Dry eye is an eye condition known as keratitis sicca. A stinging, burning, and scratchy feeling of the eyes characterize it. Vision can be subsequently blurred when flare-ups occur. The most common cause of dry eye is a change in the tear chemistry of the eye. Two types of tears are produced - lubricating tears are the type which keep eyes moist and comfortable, while reflex tears are the type which are produced secondarily when a person is emotional or in pain. Dry eye is typically a deficiency of the lubricating tear type which then triggers the reflex tears to be secreted but this tear type is poorer in moisturizing qualities. Glands located in the eyelids are constantly producing tears. Risk factors for dry eye are:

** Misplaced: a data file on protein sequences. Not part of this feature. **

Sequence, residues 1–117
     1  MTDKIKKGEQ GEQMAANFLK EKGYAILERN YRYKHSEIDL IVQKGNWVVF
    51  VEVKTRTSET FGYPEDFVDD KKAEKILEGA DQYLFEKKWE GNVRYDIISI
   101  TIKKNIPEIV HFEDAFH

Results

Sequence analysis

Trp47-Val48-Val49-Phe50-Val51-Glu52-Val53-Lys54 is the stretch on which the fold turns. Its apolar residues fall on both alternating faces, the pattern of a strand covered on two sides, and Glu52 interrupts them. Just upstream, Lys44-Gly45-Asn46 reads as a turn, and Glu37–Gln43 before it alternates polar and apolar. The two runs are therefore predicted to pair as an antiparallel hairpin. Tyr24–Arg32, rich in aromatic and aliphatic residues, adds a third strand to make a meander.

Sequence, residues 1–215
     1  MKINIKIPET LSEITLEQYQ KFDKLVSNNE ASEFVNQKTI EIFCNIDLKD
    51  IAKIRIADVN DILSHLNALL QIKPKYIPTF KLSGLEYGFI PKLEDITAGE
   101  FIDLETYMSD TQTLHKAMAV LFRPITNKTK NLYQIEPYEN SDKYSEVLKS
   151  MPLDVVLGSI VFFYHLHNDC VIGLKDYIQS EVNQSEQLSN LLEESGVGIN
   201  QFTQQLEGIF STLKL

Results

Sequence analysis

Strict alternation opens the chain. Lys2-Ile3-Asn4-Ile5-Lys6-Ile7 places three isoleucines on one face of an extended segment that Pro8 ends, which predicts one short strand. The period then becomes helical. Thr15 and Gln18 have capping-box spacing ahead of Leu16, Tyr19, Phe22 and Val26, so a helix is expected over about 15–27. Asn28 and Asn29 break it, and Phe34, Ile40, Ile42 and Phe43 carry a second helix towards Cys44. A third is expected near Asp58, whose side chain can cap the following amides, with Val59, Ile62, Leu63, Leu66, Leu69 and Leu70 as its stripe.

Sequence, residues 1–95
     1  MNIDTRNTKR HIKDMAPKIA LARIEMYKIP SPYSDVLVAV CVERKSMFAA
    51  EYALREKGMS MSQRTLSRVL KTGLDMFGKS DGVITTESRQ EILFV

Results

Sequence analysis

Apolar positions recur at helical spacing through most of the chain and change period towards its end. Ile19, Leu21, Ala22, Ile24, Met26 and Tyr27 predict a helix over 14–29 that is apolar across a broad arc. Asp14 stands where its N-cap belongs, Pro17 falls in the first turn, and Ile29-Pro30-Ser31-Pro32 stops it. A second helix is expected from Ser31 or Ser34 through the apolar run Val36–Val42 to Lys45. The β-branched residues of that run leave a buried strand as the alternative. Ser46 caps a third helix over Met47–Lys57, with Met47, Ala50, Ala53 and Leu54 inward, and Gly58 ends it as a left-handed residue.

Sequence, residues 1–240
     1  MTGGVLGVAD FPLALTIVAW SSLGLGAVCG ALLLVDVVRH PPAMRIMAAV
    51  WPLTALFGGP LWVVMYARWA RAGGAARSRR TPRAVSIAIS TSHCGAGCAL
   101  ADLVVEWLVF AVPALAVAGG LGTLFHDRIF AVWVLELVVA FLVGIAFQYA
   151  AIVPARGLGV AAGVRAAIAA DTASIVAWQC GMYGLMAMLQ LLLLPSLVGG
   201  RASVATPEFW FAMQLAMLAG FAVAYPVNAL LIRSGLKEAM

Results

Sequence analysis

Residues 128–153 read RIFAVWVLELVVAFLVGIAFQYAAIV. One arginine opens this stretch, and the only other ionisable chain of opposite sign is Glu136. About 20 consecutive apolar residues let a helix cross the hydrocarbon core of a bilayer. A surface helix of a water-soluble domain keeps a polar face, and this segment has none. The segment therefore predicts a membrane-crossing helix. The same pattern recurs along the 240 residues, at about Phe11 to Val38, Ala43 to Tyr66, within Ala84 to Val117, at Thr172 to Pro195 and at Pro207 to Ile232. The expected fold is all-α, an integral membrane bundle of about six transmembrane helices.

- Women over 40
- Low humidity conditions
- Eyelid problems
- Contact lens use
An eye doctor will use a microscope to examine the tear film on the eye. Special eyedrop dyes are employed to help the doctor to detect dry spots, measure tear quality and volume then make a diagnosis. Treatment of dry eye includes certain over-the-counter eyedrops, eyelid hygiene methods, prescription eyedrops including mild steroids, dissolving tear implants, and punctal plugs. Eye infection risk is greater when a dry eye condition is not properly managed.